Saudi prince and billionaire al-Walid bin Talal set his own purchase price when he bought 100,000 acres of state-owned land from the Egyptian government, according to Youssef Wali, the former Agriculture Minister during ousted President Hosni Mubarak’s reign.
In 1997, the Egyptian government sold 100,000 acres of state-owned land in the Toshka land reclamation project to an agricultural development company owned by the prince. According to the terms of the contract, bin Talal paid only LE50 — less than US$10 — per acre. He also received discounted rates for water and electricity, in addition to tax exemptions and the right to own the land after completing payment. Several members of parliament had accused the government of squandering public funds by granting bin Talal so many privileges.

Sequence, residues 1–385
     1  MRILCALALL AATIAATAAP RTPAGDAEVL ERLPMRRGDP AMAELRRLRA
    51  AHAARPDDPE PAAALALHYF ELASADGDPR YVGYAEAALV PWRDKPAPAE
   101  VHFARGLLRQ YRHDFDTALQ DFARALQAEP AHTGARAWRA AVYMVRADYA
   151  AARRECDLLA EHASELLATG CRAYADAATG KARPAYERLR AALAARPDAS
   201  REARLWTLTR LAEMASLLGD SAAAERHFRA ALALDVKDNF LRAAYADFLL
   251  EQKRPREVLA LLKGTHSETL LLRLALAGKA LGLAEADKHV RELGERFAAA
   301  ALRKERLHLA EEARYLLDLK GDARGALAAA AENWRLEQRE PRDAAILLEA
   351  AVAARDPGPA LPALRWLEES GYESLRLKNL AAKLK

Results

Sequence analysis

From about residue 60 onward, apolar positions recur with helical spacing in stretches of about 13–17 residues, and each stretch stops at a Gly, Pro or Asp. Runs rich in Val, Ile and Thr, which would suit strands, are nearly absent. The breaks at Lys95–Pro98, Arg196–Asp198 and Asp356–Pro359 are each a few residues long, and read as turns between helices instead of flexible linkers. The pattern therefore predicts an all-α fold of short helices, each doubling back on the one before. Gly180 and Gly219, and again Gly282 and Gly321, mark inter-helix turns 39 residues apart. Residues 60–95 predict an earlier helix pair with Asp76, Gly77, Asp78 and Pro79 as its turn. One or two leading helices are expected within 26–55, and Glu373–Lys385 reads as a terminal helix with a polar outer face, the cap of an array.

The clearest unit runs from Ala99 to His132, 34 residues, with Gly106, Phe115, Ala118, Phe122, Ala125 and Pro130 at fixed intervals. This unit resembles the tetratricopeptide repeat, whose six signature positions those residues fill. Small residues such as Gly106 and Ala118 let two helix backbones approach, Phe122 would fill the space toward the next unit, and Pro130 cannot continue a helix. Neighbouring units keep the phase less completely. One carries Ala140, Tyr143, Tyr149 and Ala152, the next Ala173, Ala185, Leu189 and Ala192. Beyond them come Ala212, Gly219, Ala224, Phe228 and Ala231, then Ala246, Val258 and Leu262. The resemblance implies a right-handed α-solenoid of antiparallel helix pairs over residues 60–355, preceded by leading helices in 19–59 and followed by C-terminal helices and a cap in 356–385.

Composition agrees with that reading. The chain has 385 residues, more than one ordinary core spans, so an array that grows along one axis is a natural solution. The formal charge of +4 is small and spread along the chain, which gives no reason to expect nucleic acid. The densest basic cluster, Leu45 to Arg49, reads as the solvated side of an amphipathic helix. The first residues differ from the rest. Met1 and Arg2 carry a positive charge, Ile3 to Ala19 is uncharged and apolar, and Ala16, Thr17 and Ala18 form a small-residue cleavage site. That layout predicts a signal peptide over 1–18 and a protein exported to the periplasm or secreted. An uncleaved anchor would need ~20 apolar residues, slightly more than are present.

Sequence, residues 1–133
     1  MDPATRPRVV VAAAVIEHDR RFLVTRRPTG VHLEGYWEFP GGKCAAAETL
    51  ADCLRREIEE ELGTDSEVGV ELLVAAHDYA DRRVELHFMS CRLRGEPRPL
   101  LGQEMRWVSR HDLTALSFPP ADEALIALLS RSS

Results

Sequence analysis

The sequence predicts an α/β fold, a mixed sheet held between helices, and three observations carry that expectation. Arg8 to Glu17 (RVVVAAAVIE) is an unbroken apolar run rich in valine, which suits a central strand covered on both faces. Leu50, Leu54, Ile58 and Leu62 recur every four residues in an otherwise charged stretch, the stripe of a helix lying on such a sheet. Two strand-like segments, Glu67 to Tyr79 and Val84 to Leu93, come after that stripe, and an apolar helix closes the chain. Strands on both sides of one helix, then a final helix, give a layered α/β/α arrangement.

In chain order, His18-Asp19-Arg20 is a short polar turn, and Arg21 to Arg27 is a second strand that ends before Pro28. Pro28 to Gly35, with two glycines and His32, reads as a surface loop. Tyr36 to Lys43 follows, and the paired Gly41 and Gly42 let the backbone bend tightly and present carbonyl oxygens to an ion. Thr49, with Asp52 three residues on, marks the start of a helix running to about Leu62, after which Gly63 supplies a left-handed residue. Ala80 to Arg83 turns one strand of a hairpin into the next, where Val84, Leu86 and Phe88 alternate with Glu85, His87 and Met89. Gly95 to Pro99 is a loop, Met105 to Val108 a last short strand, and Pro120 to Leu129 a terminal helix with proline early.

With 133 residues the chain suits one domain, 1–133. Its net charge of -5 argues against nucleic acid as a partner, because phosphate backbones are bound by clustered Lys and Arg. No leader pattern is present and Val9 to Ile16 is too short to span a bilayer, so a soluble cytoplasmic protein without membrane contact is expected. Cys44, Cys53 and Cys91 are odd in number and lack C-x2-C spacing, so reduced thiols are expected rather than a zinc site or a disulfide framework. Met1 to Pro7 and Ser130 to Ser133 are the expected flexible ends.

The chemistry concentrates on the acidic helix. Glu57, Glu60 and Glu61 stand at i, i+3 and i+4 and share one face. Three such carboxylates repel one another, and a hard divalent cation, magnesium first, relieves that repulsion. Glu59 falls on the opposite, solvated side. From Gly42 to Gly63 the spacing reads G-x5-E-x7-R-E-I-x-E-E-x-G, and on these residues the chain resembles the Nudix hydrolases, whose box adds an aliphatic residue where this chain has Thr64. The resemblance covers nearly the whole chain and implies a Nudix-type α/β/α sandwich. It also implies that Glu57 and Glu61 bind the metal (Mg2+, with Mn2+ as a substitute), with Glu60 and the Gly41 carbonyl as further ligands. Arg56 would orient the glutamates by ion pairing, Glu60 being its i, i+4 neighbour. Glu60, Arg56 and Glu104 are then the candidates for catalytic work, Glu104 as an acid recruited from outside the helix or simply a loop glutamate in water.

The Supreme State Security Prosecution continued its second consecutive day of investigations with Wali on Thursday. Wali is being accused of squandering funds and agreeing on the import of carcinogenic pesticides that caused hundreds of people to become seriously ill.
Wali is also being investigated for selling the Toshka land to bin Talal at lower than market prices. During the investigations, Wali said, “When al-Walid came to Egypt requesting the purchase of the land, he wrote the land contract and set a purchase price of LE50 per acre and presented it to the former president."
He went on to say that “the former president called the then Prime Minister Kamal al-Ganzouri, who informed me and instructed me to finish the deal.”
A judicial body on Monday urged Egypt's High Administrative Court to nullify a government contract for the sale of a 100,000-acre plot of land to bin Talal. It said the land deal was illegal.
A report by the Egyptian State Lawsuits Authority stated that the contract concluded between the Egyptian Government and bin Talal’s Kingdom Agricultural Development Company is “null and void in its entirety".
Translated from the Arabic Edition